£3,350-£4,950 VALUE (EST.)
$6,000-$9,000 VALUE (EST.)
$5,500-$8,500 VALUE (EST.)
¥28,000-¥40,000 VALUE (EST.)
€3,800-€5,500 VALUE (EST.)
$30,000-$50,000 VALUE (EST.)
¥540,000-¥800,000 VALUE (EST.)
$4,100-$6,000 VALUE (EST.)
This estimate blends recent public auction records with our own private sale data and network demand.
Signed Print Edition of 120
H 36cm x W 46cm
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Jasper Tordoff, Acquisition Coordinator
|Auction Date||Auction House||Artwork|
Return to Seller
|Sotheby's London - United Kingdom||Auto (Car) - Signed Print|
|June 2017||Van Ham Fine Art Auctions - Germany||Auto (Car) - Signed Print|
|December 2016||Lempertz, Cologne - Germany||Auto (Car) - Signed Print|
|June 2015||Van Ham Fine Art Auctions - Germany||Auto (Car) - Signed Print|
|December 2014||Ketterer Kunst Hamburg - Germany||Auto (Car) - Signed Print|
|March 2014||Hampel Fine Art Auctions - Germany||Auto (Car) - Signed Print|
|April 2013||Hampel Fine Art Auctions - Germany||Auto (Car) - Signed Print|
Part of the War Cut collection, Auto (Car) is a 1969 offset lithograph print by venerated German artist, Gerhard Richter. Issued in an edition of 120, the print is signed by the artist and depicts a humble car.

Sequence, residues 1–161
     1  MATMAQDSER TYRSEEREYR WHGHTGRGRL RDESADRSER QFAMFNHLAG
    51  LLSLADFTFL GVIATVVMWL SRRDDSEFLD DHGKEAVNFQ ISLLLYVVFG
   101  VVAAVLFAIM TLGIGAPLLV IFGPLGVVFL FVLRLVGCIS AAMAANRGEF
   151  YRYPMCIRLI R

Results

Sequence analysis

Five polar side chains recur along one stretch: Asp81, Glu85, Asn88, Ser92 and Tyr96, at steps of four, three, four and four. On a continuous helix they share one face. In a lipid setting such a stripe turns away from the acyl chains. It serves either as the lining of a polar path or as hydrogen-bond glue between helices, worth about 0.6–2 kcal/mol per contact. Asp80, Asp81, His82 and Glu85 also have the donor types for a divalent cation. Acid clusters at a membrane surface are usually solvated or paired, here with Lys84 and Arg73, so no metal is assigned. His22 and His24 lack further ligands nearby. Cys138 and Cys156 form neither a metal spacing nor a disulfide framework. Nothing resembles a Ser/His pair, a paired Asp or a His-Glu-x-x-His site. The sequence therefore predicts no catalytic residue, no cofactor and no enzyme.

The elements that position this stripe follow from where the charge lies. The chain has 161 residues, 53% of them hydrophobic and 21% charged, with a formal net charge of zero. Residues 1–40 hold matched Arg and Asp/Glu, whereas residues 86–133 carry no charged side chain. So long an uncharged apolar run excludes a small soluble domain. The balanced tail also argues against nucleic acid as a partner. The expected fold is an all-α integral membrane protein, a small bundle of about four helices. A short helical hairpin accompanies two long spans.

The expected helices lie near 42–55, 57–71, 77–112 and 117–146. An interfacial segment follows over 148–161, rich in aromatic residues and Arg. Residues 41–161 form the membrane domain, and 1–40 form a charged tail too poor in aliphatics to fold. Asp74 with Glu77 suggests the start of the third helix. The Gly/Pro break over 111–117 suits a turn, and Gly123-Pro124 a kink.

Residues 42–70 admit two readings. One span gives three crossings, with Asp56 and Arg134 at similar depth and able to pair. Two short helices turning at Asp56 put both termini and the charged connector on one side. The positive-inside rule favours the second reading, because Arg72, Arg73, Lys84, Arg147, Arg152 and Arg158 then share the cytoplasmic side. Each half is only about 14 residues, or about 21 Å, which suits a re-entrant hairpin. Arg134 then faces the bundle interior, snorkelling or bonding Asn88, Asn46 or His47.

In this image, Richter turns his attention toward an object steeped in the consumerist ideologies of Western Capitalism of the immediate Post-War period - the car. Richter makes use of the aerial view with which he has experimented in his Swiss Alps and photorealist Cloud prints, harnessing its representative powers to question traditional art historical perspective. All is not what it seems, however: this work is adapted from a photograph shot through a window, but the car at the centre of the image is in fact a model, mounted on the window frame. ‘Set up’ in the same vein as a model for a stage set, this work sees Richter experiment with composition in a playful manner.
All the more whimsical than the artist's serious, architecturally-focused paintings - such as Bahnhof Hannover (1967) - Auto (Car) - this print suggests Richter’s glee at having found himself in an entirely new environment, wholly dissimilar from that in which he grew up. In 1961, Dresden-born Richter escaped the German Democratic Republic - or ‘East Germany’ - just a few weeks before the building of the Berlin Wall. He would never see his parents again. Settling in the affluent Rheinland city of Düsseldorf, West Germany, Richter - then just 29 - began studying at the Kunstakademie Düsseldorf under Karl Otto Götz, a pioneer of the Art Informel movement.